Vero provides a free mini-van bus that will take you along a route that is located by any service you can think of: Publix, ABC Liquors, West Marine, Lowes, Sams Club, all the cruiser hot spots. And, there is a fashionable shopping area along the beach where you can drop some serious dough.

A nice place to visit, and worth the trip North up the ICW before heading offshore.

Thursday, December 3, 2009

St. Augustine






We continued down the ICW, seeing some shallow water early in the trip, close to low tide, and running hard aground due to pilot error. Fortunately we were able to power our way off fairly quickly. Leaving at 0830, we were anchor down at St. Augustine by 1430, right by the Bridge of Lyons which is under reconstruction. We had hoped to spend a couple of days here to tour the fort (jeesh, so sorry to have missed this), the old architecture, and the tourist traps lining the nearby streets. But nasty winds are forecast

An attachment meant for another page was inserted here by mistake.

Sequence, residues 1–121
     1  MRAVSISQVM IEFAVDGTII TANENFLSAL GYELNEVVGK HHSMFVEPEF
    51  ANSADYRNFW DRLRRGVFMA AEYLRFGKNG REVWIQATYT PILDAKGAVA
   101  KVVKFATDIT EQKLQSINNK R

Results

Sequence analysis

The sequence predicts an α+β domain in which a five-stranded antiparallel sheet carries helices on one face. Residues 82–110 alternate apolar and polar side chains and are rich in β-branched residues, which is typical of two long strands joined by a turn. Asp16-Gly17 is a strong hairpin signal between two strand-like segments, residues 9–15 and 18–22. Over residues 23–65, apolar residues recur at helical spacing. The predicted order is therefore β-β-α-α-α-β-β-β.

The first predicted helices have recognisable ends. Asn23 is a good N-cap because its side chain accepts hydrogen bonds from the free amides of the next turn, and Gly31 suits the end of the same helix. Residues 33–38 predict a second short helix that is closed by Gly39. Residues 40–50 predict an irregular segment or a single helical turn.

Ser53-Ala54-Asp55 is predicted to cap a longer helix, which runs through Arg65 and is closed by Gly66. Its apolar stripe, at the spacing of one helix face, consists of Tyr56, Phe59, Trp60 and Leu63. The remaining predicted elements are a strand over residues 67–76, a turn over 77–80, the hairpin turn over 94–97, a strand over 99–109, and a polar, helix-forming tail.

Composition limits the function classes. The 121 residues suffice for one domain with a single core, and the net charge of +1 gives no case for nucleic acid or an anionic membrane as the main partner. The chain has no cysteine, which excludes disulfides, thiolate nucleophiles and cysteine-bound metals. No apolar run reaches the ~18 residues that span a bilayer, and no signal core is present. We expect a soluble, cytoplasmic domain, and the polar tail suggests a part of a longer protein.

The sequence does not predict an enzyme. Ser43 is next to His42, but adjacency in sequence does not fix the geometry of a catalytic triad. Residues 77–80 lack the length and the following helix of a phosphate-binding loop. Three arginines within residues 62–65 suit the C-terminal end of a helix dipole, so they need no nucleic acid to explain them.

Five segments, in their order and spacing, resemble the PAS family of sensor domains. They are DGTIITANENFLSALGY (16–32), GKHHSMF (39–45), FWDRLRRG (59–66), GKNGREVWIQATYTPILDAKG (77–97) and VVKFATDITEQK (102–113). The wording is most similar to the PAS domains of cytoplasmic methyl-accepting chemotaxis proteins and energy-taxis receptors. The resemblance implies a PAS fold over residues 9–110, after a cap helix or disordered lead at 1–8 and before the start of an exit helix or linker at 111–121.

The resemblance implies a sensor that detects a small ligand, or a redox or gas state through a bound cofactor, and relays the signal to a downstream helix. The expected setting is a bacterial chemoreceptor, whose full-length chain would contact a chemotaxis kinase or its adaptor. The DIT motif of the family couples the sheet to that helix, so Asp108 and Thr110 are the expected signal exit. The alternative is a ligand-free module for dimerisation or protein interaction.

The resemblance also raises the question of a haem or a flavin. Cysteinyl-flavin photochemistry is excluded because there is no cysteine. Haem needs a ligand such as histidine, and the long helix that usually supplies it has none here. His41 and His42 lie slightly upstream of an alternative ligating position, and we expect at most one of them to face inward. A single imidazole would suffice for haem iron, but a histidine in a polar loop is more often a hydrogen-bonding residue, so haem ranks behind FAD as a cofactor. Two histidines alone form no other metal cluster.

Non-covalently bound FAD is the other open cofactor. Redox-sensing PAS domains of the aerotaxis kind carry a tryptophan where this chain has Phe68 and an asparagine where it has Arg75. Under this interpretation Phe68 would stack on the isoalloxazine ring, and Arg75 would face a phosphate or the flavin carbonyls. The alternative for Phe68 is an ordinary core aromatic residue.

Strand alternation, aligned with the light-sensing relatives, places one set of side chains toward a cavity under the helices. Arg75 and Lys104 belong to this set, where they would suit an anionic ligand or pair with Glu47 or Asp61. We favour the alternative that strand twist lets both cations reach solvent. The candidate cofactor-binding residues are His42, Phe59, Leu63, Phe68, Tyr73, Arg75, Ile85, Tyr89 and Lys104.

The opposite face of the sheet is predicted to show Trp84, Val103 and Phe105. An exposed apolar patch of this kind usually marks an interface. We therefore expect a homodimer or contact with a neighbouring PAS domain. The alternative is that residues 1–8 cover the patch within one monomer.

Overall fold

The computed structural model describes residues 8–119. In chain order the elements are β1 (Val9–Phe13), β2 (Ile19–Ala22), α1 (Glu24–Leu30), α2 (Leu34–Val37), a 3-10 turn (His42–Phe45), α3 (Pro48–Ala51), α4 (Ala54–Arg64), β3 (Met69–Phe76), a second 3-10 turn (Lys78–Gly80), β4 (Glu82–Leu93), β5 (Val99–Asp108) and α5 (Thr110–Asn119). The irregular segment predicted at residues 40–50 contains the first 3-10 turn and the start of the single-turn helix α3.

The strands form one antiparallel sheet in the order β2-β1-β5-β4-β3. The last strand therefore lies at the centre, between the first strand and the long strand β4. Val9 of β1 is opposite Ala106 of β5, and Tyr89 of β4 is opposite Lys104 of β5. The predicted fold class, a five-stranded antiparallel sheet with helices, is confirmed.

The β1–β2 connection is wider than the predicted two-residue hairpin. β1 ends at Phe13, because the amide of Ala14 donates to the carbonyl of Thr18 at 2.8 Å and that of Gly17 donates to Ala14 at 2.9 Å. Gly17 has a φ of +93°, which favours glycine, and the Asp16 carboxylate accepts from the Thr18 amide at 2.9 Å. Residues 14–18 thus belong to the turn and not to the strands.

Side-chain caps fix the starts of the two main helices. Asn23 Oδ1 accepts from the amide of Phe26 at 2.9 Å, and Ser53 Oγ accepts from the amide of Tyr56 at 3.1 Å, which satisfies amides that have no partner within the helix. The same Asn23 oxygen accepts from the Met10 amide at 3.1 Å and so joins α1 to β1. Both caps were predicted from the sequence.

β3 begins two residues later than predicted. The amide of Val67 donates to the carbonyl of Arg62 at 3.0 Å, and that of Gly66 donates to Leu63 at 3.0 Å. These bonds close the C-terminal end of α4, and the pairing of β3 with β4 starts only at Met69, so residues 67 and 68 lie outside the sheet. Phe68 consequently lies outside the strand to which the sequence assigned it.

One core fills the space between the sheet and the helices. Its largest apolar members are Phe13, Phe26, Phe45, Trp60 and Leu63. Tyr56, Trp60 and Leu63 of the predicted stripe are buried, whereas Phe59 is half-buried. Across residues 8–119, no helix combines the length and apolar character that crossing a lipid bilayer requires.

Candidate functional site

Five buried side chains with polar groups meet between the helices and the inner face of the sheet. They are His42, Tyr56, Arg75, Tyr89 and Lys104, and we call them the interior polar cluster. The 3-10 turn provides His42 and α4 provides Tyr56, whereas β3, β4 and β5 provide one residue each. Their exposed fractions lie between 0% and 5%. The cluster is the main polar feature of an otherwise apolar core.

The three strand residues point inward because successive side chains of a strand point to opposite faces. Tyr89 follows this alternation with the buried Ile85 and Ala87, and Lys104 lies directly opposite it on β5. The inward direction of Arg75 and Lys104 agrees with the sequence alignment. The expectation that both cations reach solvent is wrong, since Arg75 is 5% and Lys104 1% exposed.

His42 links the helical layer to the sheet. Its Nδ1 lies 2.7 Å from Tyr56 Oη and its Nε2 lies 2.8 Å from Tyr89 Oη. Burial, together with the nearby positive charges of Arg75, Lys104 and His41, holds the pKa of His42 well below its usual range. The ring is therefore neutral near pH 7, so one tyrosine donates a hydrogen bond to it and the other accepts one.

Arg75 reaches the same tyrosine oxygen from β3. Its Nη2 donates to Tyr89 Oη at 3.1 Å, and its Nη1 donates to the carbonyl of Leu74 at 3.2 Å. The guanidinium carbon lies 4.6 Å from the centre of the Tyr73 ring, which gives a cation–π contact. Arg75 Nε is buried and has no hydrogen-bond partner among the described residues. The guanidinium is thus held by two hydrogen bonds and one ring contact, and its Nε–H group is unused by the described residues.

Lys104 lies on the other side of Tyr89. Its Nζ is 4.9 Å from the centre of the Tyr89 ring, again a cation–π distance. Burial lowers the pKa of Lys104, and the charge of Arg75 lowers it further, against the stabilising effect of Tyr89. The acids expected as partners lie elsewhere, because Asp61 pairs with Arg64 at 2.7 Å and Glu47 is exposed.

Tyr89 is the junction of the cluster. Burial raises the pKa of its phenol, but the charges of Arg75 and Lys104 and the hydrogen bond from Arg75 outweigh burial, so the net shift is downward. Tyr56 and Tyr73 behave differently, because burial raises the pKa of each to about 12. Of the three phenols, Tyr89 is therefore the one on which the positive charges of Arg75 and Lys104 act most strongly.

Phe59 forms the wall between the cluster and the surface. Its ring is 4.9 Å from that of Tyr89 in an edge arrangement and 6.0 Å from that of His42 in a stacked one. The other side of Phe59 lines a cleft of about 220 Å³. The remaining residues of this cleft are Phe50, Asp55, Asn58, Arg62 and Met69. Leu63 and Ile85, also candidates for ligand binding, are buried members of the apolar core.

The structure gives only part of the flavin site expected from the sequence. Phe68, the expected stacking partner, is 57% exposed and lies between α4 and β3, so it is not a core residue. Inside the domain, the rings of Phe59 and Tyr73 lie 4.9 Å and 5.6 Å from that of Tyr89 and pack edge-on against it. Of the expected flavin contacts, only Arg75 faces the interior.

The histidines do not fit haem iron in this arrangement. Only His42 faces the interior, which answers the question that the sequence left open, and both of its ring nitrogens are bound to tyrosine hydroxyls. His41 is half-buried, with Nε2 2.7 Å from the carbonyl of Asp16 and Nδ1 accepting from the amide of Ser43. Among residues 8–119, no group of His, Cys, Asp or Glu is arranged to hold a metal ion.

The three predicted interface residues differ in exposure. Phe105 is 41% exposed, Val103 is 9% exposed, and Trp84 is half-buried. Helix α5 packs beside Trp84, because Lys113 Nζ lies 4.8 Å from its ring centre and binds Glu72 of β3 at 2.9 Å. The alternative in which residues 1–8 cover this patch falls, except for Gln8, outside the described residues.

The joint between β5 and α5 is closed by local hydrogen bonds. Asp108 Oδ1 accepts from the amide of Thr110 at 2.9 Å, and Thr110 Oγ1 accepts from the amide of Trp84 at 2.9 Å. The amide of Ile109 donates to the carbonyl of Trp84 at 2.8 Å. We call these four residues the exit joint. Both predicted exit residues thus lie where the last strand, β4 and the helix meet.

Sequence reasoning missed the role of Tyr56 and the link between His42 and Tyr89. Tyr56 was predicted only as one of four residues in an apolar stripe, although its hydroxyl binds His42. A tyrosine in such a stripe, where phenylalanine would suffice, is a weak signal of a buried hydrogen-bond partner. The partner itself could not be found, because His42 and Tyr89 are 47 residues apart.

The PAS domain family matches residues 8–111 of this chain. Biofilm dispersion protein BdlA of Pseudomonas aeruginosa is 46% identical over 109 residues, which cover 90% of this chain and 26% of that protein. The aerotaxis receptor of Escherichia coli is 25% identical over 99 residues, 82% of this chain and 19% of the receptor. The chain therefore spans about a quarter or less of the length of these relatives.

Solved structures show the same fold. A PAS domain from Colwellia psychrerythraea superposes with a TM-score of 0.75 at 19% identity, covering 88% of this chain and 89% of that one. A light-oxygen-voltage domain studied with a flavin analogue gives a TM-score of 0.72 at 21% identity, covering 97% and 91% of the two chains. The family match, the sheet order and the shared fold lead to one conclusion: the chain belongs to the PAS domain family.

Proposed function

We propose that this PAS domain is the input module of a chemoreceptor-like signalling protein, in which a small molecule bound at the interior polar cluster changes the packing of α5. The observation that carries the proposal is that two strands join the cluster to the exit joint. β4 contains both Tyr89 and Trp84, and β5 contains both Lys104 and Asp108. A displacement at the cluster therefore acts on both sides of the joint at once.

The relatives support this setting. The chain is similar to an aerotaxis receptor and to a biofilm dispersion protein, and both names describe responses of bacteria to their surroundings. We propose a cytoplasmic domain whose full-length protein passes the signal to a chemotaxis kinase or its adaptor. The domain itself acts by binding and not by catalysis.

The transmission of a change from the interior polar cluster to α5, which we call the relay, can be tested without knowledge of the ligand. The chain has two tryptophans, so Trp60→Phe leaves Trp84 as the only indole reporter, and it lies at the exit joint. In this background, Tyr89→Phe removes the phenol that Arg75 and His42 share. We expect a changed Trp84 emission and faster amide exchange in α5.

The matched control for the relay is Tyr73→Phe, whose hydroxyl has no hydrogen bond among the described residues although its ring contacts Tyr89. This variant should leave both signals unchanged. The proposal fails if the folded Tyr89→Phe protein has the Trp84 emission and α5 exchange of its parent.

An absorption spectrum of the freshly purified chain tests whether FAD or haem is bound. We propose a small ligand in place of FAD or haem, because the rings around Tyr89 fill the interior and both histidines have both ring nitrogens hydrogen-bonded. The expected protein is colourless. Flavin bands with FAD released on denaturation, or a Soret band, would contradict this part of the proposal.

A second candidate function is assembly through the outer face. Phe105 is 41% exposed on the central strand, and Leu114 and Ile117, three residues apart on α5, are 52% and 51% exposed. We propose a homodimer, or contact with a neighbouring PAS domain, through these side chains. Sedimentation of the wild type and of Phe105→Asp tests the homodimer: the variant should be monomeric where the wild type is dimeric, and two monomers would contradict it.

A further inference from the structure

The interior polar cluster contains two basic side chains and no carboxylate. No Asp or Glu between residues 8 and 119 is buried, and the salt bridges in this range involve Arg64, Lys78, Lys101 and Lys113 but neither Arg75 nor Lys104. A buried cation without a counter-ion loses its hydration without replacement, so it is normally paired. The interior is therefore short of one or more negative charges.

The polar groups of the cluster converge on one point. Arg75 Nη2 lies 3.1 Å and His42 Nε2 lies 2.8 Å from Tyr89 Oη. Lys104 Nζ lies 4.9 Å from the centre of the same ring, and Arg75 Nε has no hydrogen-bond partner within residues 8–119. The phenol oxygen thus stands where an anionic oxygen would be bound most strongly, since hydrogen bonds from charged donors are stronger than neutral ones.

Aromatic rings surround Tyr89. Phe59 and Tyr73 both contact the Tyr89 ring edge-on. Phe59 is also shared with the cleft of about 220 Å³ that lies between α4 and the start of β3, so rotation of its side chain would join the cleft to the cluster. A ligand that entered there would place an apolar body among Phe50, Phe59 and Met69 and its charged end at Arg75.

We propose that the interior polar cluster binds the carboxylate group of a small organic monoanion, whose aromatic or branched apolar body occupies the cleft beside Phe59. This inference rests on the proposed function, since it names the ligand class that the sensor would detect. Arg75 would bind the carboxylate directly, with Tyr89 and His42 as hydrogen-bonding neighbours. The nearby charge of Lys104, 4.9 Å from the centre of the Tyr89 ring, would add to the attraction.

in a few days, and since we want to go offshore for the next leg, we only have this afternoon to see America's oldest city.
(The holding here is not the best, and the better of two anchorages has lousy Northeast protection, and of course, NE winds are in store for us.)

As the sun set the shoreline lit up with holiday decorations to provide quite the setting for cocktail hour. We hope to return here some day to give this city the attention that it is due.